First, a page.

There were no charges; however, I could not be consoled. I was a failure as a mother, a wife, a daughter and a person. I knew that this was the punishment I deserved, and I welcomed it. Drenched in self-pity, I lapsed into a catatonic depression. I went to a place so dark that only a psychiatric hospital could contain me, so as not to kill myself. I had a nervous breakdown fueled by the hope that his parents would forgive me, but how could they when I couldn’t even forgive myself? I was haunted by a vision of that bloody boy in a box, and wished that it was me, instead.
Three months later I had made little progress. One day the staff announced that a visitor was there to see me. It was the boy’s mother. The staff asked me how I felt about meeting her, and at the time, I felt it made no difference. Anything she had to say to me, I deserved and it would only seal the fate I knew that awaited me. My own death.
The staff were on high alert as they sat close by, and listened to the conversation between two mourning women; one grieving the death of her son, the other grieving her own existence. The mother was frail and guarded. I barely remembered her from that day, or the day in court. She was lethargic as her squeaky voice began to speak. I was scared, so scared my teeth were chattering, and I hugged myself to stop my brain from rattling. What was she going to say? This is the end of my existence. Surely, I will not survive this mother’s grief.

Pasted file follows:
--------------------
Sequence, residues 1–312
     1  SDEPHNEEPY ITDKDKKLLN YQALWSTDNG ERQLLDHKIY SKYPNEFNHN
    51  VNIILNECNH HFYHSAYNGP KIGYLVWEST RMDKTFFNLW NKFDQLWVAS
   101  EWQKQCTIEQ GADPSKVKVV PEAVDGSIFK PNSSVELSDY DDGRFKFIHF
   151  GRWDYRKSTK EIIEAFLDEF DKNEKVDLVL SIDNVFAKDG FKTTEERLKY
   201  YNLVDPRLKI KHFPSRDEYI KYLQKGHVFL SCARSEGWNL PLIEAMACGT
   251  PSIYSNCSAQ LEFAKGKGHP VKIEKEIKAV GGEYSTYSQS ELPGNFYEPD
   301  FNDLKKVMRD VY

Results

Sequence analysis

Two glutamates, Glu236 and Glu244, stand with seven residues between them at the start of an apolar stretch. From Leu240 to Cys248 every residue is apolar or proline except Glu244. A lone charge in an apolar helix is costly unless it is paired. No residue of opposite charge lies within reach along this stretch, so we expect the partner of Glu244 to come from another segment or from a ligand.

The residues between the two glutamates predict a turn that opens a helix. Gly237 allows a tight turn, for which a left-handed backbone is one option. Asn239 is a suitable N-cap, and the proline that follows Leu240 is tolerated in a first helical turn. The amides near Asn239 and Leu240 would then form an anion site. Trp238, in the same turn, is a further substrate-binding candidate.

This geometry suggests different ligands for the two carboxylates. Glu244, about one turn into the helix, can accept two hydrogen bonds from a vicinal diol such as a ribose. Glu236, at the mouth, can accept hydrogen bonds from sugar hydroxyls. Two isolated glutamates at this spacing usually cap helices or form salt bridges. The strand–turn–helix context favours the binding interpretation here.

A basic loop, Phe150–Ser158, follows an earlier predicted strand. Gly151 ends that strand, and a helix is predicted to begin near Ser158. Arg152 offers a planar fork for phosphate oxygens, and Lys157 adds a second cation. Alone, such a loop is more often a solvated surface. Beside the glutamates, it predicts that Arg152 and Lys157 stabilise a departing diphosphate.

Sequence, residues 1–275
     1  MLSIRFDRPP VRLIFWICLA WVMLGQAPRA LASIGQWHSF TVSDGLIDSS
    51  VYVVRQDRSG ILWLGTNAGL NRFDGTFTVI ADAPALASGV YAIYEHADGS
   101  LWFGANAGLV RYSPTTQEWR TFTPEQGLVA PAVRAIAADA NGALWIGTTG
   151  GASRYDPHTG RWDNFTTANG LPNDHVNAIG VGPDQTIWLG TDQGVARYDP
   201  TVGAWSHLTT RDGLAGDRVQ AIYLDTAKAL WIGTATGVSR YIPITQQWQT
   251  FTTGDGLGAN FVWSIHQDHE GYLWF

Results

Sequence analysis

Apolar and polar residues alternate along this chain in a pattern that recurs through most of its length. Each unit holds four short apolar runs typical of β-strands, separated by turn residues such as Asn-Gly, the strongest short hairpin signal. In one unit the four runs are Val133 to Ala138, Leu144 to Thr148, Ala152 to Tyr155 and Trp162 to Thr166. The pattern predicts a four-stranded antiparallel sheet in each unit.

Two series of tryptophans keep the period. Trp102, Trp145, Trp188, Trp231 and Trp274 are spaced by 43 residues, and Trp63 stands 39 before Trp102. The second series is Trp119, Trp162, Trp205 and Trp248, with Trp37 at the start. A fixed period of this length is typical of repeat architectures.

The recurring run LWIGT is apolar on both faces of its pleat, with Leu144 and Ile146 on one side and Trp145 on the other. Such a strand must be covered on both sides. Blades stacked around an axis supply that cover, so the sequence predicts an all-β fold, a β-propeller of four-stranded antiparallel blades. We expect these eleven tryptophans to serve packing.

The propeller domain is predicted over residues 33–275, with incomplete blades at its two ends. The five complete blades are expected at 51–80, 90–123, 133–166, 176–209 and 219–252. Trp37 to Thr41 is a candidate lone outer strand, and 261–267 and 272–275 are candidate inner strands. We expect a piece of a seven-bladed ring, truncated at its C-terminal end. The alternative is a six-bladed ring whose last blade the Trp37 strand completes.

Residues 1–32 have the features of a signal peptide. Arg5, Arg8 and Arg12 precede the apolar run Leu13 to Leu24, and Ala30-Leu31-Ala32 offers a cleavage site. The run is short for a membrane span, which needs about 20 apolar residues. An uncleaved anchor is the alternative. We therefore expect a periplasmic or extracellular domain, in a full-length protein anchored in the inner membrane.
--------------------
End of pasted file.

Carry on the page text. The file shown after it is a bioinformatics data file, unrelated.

“I heard that you were here, in this place. I’m really sorry. I need to tell you something. That day, well there was a lot of arguing going on between me and my husband. I was washing the dishes. I was tired and worn out. I was unhappy and mad at the world. I was looking out the kitchen window. I was watching my boy. What a handful. Always in trouble. And I blamed him for the troubles we were having. I wanted to run away, and leave them all behind. Show them how much they would miss me. I closed my eyes and prayed ‘Lord, save me from this life. I can’t take it anymore.’ And he did. God took my child. It’s my fault he’s dead. Not yours.”
No amount of sobbing, holding and words of understanding could comfort either one of us. The staff stood there grieving and miserable in our presence. Two worlds collided, and then two mothers went their separate ways. I left that place, but that childhood addiction to please others became once again, a ruthless alcohol addiction to destroy myself.
The overachiever was still in me; if I was going to be an alcoholic, I better be the best alcoholic I can be. Broken and homeless, time took its toll on my body. Hospitalizations, recovery, psych meds and therapy eventually grabbed hold and saved me from my own demise. I linger still, an emotional flatland void of love and happiness. My parents have passed, but I talk with my brother and son on occasion. The smell of burned coffee can still trigger memories, but I keep trying. What else can I do?